|Posted on July 1, 2009 at 10:45 AM|
From official Davis Cup site
01 Jul 2009 - Chris Bowers
Czechs look to make history
All teams want to win Davis Cup by BNP Paribas quarterfinals, but seldom does victory matter so much to the profile of tennis in a nation than it does for the Czech Republic in the forthcoming round of World Group action.
The Czechs are in the last eight for the second year running, but this time they have a home tie against a weakened Argentina side. So will the Cez Arena in Ostrava be the scene of the Czech Republic's first passage to a semifinal since 1996? Everyone connected with attempts to promote tennis in the Czech Republic is fervently hoping so.
Cast your mind back 29 years. In 1980, Czechoslovakia became only the eighth nation on the 80th anniversary of the founding of the Davis Cup to claim the biggest prize in team tennis. With a rising star in Ivan Lendl backed up by such stalwarts as Tomas Smid, Pavel Slozil and the veteran Jan Kodes, the central European nation beat Italy in the final to launch what many believed would be a new golden era in Czechoslovak tennis. A Czech -- albeit one who had defected -- was already at the top of the women's game (Martina Navratilova), and the legacy of the 1960s era of Vera Sukova and... had created an exciting new generation that would make the country a powerhouse of world tennis -- so the thinking went.
Only it never really happened. Despite having players such as Milan Srejber, Miloslav Mecir, Karel Novacek, Petr Korda, Cyril Suk and others (all but the Slovak Mecir were Czechs), Czechoslovakia never reached another final, and 12 years after their sole title, the two nations within a united state agreed to separate. It wasn't until 1994 that the Czech and Slovak Republics played separately in the Davis Cup, and because it had all the top players, the Czech Republic was allowed to keep Czechoslovakia's place in the World Group.
But instead of the Czechs establishing themselves as a top-level tennis nation in their own right, they have only one semifinal to show for their 15 years as a separate country. That was when Korda and Daniel Vacek lost to the Swedish team of Stefan Edberg and Thomas Enqvist in Prague in 1996, and since then, their erstwhile compatriots Slovakia have had more success, reaching the Davis Cup by BNP Paribas final in 2005.
Kodes, the 1993 Wimbledon champion, later Czechoslovak captain and the first president of the Czech tennis association after the break-up of Czechoslovakia, believes economic factors have a large part to play in explaining the Czech Republic's modest performance. "When the communist era ended," he says, "everyone wanted to have their own business " everyone wanted to have a restaurant or some other enterprise, because finally they could. But that meant the parents of talented juniors had no time to give to their children, and if you don't have time to help your children by taking them to coaching and tournaments, they won't do their best.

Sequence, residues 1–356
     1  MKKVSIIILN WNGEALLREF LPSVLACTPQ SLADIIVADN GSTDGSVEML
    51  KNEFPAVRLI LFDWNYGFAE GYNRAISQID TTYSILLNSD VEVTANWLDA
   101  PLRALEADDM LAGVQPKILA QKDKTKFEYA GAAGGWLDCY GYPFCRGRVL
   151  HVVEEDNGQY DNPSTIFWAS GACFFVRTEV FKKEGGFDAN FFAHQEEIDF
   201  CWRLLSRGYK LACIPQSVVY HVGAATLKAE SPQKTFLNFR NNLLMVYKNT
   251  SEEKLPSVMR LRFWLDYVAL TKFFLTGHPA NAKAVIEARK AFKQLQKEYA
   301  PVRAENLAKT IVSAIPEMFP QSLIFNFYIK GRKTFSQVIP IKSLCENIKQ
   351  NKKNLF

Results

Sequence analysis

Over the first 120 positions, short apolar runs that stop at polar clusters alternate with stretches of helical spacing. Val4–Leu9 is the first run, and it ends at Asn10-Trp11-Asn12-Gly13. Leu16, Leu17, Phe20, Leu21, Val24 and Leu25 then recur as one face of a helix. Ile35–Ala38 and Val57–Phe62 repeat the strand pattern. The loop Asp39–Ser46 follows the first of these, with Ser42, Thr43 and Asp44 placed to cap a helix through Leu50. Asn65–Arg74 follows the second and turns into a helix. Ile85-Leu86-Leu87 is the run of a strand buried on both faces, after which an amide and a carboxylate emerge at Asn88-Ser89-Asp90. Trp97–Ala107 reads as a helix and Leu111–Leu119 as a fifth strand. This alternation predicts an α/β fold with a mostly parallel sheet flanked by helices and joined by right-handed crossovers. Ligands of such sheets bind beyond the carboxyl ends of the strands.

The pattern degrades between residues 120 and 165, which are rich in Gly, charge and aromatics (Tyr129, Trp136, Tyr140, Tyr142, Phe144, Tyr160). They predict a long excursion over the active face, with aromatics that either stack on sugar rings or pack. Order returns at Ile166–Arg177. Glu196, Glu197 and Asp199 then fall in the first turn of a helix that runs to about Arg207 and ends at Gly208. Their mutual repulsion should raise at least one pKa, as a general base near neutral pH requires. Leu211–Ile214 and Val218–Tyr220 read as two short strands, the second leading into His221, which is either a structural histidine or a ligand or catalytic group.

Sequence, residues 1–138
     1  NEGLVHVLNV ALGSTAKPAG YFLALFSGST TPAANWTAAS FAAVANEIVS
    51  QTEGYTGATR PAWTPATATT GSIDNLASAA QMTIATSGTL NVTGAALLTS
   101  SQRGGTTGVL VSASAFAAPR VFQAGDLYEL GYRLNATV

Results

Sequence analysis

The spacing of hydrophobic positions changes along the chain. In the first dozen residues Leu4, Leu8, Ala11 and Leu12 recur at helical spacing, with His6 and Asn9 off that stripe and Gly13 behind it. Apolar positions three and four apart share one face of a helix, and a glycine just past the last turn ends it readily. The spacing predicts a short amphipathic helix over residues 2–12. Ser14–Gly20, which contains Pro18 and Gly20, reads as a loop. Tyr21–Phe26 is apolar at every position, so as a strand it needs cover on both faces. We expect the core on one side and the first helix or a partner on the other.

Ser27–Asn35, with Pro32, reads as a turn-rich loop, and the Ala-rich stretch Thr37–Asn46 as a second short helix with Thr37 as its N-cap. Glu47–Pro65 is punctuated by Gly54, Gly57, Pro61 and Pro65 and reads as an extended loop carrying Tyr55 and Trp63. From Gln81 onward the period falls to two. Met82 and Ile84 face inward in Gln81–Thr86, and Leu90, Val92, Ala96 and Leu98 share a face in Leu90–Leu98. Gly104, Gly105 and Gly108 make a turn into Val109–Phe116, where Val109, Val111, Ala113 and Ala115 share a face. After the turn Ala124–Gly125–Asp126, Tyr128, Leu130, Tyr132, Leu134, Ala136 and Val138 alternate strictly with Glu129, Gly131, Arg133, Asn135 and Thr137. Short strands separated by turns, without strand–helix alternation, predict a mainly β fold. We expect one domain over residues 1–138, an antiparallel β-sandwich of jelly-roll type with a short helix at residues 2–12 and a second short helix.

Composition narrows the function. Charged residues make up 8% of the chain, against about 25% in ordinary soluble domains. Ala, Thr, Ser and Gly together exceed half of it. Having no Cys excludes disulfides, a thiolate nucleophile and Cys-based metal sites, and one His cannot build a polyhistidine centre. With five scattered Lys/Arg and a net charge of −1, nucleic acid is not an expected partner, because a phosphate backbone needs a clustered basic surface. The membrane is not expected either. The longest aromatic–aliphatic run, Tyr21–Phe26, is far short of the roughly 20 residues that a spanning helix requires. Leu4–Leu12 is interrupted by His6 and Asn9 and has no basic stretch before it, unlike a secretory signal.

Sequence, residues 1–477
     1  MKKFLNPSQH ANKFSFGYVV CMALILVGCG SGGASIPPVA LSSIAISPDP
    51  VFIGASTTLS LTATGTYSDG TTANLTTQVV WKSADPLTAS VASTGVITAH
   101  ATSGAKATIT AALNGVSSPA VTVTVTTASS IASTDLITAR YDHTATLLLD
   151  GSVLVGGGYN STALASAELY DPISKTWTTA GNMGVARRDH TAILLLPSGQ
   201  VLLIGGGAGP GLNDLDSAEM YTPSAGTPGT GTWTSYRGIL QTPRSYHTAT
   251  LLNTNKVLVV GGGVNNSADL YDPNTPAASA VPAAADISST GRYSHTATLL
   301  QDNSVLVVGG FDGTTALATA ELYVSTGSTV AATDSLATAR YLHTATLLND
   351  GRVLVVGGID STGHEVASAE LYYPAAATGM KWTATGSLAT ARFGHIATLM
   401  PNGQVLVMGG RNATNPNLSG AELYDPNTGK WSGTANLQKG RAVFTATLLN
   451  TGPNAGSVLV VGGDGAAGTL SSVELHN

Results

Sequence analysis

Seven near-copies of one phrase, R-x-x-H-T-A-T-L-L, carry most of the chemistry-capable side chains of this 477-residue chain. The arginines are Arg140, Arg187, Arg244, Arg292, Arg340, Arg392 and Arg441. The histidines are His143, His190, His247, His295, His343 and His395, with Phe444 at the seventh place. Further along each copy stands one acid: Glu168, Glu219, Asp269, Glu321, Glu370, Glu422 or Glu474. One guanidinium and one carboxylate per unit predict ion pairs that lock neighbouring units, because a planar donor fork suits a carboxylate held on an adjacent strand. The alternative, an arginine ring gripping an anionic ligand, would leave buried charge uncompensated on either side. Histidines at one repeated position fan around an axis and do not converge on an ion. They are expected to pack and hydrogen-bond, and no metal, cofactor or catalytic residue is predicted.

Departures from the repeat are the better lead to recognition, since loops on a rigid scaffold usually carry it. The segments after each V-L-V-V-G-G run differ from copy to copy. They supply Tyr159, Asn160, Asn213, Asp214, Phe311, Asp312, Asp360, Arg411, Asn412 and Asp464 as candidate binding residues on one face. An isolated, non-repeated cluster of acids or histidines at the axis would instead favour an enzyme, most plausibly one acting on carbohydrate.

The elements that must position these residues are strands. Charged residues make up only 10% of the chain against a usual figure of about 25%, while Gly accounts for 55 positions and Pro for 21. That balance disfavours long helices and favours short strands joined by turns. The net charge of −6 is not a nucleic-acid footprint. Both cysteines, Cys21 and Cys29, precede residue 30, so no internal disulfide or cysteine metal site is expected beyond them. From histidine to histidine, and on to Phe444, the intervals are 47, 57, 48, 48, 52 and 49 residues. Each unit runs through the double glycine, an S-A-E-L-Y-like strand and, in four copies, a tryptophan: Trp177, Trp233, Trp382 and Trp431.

"In addition, one of the motivations of the Czechoslovak children was that they could travel the world through tennis in a way they could not otherwise, but once the end of communism took away the restrictions on travel, there was less need to be a top sportsman to get out of the country. So these two factors combined to take some of the motivation away, and it led to other sports like football and tennis becoming more attractive to Czechs."
In recent years, the presence of two top-20 players in Tomas Berdych and Radek Stepanek has given the Czech Republic the basis of a team that can challenge in the World Group of the Davis Cup. Double-handedly, they beat Roger Federer's Switzerland in a playoff tie in 2007, and Berdych's retirement with injury in the fourth rubber of last year's quarterfinal robbed the Czechs of a chance to beat Russia. But that was in Moscow -- this time it's at home against an Argentina side missing David Nalbandian and blooding the untried Leonardo Mayer.
Will Stepanek be fit?
Much will depend on the fitness of Stepanek, who - like Berdych - reached the fourth round at Wimbledon but whose five-sets defeat to Lleyton Hewitt caused the knee condition that had forced him to miss the grass court warm-up tournaments to flare up again. "The Davis Cup is in only two weeks time," said Stepanek after the Hewitt match, "which isn't long. I have to look after myself after what I went through in the last few weeks or I won't be ready."
If Stepanek isn't ready, all is not lost for the home nation. In Lukas Dlouhy, the Czechs have a quality doubles player who won the French Open recently, albeit with a non-Czech partner, Leander Paes. If Dlouhy could partner Berdych, and Berdych could win the all-important fourth rubber against Juan-Martin del Potro, then a first semifinal for 13 years is possible even without Stepanek.
While Stepanek acknowledges that, even without Nalbandian, Argentina will be tough opponents, home advantage means the Czechs have been able to pick a fast indoor court in an arena they know well, having staged three of their last four home ties there. And Berdych said at Wimbledon he was looking forward to playing on a surface that's "pretty fast, very similar to a grass court".
All the work put in by officials in the Czech tennis association could be boosted if Berdych can lead the Czechs to victory. But with the visitors boasting the fifth-best player in the world, it could well go down to the fifth rubber.